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‘American Gigolo’ (Blu-ray review)

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Writer/Director Paul Schrader’s favorite subject is the solitary man who, upon finding that the world will not bend to his will, shuts himself up into a cocoon-like projection of his own inner life and convinces himself that it is the world, until the illusion can no longer be maintained and, generally, physical and psychic violence ensues.

American Gigolo trades much of the superficial elements of Schrader’s earlier character studies, Rolling Thunder and Taxi Driver, but the same impulse drives it as does those older films, even if slick New Wave pop has replaced the somber Jazz.

Richard Gere’s Julian Kay, like De Niro’s Travis Bickle is a man so intent on self transformation into his own idealization of himself that he can no longer be a part of the world he finds himself in.

Kay is a male courtesan directed by two very different pimps (Bill Duke and Nina van Pallandt) to wealthy women looking for intellectual companionship and lovemaking. He won’t take rough jobs, and employs total dedication to an image of himself as a man who gives women pleasure.

Indeed, the lingering images from this film in popular culture all come from Gere’s bespoke 80’s luxury apartment and selection of immaculate Armani menswear. There’s not a grand leap from how he carries himself and Christian Bale’s portrayal of Patrick Bateman in American Psycho.

Two concurrent developments threaten to rip Kay’s life apart: he meets the gorgeous wife of a senator, Michelle (Lauren Hutton) for whom he develops real feelings, and a trick he worked ends up murdered hours after he left the house leaving him as the prime suspect. Crucially, only Michelle can clear Kay of the murder as he was with her at the time, but to do so would expose her infidelity and destroy her husband’s career.

This is Schrader’s third film after Blue Collar (1978) and Hardcore (1979), and it is easily the most commercial of the three. There’s a real elegance in not only through the gorgeous production design and slick Giorgio Moroder score, but also the elegance of hos Schrader’s camera navigates Kay’s world and how it intersects at points with a California underworld that we don’t see often on film.

I particularly like the visual motif (and I’ve never seen this called out in another review) of how the camera takes some distance from Kay in moments where he allows his facade to fall: for example the famous nude shot, or when he wildly exits an antique dealer’s showroom with a client after concocting a ridiculous persona to deflect questions.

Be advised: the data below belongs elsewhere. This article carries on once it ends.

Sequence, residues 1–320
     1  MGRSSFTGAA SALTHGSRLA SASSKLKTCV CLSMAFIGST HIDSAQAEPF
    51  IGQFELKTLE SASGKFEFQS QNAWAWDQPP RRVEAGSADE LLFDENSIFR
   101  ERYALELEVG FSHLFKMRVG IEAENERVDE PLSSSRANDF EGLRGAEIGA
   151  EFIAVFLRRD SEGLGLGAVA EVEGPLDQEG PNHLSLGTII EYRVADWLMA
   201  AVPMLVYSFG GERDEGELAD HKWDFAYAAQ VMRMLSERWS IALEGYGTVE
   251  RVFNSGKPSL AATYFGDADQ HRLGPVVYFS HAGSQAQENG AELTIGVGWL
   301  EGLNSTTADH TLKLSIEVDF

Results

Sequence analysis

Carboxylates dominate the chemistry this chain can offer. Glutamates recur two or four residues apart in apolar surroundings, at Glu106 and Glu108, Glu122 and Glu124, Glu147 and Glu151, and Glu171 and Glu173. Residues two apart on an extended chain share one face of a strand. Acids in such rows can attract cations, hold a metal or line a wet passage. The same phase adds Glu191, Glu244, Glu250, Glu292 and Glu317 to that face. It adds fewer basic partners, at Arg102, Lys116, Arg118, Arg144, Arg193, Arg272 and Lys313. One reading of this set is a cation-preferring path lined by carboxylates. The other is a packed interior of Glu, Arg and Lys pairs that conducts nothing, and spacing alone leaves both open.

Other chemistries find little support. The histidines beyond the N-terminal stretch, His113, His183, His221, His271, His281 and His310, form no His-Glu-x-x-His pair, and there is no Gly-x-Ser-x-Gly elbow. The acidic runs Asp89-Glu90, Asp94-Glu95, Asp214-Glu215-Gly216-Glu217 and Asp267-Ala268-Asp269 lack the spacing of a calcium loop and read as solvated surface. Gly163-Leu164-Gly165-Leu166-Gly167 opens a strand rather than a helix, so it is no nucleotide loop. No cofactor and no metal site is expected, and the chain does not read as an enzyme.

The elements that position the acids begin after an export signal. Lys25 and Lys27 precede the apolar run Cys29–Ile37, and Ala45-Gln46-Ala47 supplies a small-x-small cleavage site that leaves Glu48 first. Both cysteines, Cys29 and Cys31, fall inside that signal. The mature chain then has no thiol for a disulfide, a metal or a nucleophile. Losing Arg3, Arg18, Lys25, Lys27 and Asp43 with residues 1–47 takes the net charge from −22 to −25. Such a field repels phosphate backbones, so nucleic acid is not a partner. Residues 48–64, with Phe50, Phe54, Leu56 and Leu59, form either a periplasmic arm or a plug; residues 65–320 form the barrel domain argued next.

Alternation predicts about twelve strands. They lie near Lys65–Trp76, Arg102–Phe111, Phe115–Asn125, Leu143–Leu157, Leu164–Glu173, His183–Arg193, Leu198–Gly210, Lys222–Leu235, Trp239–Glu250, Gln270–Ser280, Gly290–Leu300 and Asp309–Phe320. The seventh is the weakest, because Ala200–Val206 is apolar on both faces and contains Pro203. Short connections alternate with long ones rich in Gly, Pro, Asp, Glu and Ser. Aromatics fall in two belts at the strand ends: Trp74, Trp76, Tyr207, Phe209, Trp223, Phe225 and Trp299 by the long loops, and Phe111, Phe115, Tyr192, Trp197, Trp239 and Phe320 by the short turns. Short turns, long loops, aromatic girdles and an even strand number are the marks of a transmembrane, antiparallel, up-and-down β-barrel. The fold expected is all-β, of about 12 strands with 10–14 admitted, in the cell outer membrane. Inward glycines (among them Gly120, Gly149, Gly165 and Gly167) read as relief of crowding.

This motif lends a pleasant air of doubt to the film’s ending, lifted from Bresson’s Pickpocket, where Kay seems to indicate to Michelle that he’s ready to pursue his own life. Many took the moment (and the striking visual that symbolizes it) at face value, but the tragedy of American Gigolo is that there seems to be no “real self” for Kay to return to, his persona is so ingrained that he cannot imagine himself without it. He is an empty taxicab, defined in movement and in what he has trained himself to do but unable to simply be, or to be acted upon.

The line that stuck with me the most from American Gigolo occurs at about the halfway point when Kay’s old pimp is trying to strong arm him back into exclusivity in exchange for providing an alibi. He rejects the offer with the following:

I’m more than what I used to be. I’m getting older, Anne, and I gotta keep moving…just move.”

As the walls close in, and Kay stands at the brink of his own personal Armageddon, he cannot imagine a way out that doesn’t come from simple effort, simple will and cannot even verbalize what is obvious to everyone else…that when his desirability fades there will be nothing left of him.

There is no self but the act that it has created.

Extras include commentary, interviews, a gallery, and trailer.

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